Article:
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Festivus healthcare house party round-up

Our Festivus healthcare discussion rollicked along at a good pace.

Before jumping in, thanks to all for participating. And may everyone find the joy of the season.

And join us


Friday, Dec. 26, 8pm EST for more ideas and agitating

Please add as you see fit.

In response to the question, “Why is healthcare an issue for you?”, the answers ranged from rage (that would be me, lambert, and gqmartinez), not being a bully (vastleft), personal experience with the system as patient or provider (DCBlogger, hipparchia, and oceansandmountains) creating equitable healthcare system as a foundation on which to build a more just society (lambert), the basic need for healthcare, and so on.

No surprises and definitely some overlap. I asked the question because I find it easy to get involved in the intellectual side of this issue, developing the theoretical, and I didn’t want to let go of the personal and emotional part of it. There was a reason for this, as I wrote to Valhalla: We are dealing with a problem of marketing, not a problem with the facts---the heavy lifting has been done and the facts are being shared by DCBlogger and hipparchia. Marketing involves the personal and emotional. And here is where we can work to our strengths collectively and individually to make this happen.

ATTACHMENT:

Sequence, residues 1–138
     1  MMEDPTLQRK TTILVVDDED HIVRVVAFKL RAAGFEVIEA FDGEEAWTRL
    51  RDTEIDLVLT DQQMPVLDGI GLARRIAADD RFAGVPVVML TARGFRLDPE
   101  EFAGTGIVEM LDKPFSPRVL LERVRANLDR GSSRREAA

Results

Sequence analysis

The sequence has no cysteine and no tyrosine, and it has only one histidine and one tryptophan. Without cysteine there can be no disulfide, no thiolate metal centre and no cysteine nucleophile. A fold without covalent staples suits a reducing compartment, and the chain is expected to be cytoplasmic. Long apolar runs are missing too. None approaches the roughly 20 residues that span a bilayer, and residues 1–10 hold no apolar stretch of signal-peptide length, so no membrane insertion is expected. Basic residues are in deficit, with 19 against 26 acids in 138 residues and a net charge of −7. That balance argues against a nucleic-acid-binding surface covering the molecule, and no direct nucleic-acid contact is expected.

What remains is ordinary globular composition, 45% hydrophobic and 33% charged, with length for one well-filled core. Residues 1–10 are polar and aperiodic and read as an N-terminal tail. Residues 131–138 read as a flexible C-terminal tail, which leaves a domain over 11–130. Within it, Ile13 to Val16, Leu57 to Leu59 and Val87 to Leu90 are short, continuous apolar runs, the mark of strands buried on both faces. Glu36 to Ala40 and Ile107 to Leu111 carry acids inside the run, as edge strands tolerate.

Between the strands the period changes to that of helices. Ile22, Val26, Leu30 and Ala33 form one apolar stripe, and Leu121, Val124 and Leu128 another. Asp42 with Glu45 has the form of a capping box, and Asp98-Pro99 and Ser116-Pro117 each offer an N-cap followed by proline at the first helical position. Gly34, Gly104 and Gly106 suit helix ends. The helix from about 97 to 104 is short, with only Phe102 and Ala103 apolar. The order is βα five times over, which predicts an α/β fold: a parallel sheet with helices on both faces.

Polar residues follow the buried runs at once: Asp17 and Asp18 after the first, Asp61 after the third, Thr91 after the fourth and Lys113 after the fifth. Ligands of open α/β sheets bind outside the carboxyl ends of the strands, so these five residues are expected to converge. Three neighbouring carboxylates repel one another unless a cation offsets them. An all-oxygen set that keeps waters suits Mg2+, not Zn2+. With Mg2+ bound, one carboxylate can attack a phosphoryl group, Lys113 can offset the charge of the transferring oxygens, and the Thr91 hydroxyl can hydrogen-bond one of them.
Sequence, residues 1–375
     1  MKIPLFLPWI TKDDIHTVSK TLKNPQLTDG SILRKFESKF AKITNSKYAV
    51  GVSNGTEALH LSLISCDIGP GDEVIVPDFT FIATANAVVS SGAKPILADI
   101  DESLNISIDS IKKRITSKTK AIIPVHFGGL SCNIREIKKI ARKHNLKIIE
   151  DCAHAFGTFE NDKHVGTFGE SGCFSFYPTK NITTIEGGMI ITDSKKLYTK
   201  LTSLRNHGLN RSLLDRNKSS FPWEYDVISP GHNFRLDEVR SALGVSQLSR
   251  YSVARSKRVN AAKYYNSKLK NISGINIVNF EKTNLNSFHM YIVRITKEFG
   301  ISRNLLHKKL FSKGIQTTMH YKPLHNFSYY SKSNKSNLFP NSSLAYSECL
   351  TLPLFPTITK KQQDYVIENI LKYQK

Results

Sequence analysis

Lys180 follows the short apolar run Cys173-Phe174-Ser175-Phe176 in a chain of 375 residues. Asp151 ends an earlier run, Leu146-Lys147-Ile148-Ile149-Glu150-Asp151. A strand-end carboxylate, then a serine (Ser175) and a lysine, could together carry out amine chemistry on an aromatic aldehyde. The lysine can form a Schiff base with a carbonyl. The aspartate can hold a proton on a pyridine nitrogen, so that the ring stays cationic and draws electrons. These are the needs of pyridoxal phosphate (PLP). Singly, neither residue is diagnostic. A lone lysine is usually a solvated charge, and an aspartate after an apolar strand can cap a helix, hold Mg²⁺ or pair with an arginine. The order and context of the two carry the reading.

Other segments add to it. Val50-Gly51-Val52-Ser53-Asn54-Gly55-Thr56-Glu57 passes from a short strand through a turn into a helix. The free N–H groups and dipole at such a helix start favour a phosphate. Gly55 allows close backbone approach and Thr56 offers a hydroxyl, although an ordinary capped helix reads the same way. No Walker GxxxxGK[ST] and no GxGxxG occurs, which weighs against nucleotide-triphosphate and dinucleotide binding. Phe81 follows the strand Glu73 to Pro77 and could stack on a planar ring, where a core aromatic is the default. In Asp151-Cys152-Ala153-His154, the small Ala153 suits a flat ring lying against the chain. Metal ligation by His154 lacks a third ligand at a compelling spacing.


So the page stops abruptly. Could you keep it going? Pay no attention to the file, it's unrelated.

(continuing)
For me, it came down to this: “When Baucus said single payer was off the table, I assumed we were going to flip over the table. That's the plan, isn't it?”

Table flipping is not an art form heavy on theory. It is, in fact, the action of groundlings without the manners to know their place in the grand scheme of things. I myself am too ignorant to know my place in the grand scheme. I heard from somebody that healthcare is a right and I am not couth enough to not expect my rights to be respected. And if someone has decided to ignore my rights, well, I have just enough manners to warn you to take your cocktail glass off the table because it is taking a tumble.

So, this table flipping thing---how do we do it? Lots of people have their elbows on the table, so it’s going to take a lot of us working together to get it flipped. To make that happen, we can focus on two activities: asking embarrassing questions and spreading the message.

Asking Embarrassing Questions

Our now 25 questions (see below) began as substitute discussion-starters people could use to ask during real life house parties. While Team Obama wants us all to STFU after December 31, I suggest we continue developing the questions and asking them at awkward moments. (When our betters shake their heads at our social ineptitude, remember that you are a groundling and you don’t know any better. See? The privilege of being a groundling is you don’t have enough sense to shut up or lie about things. Poor little groundling.)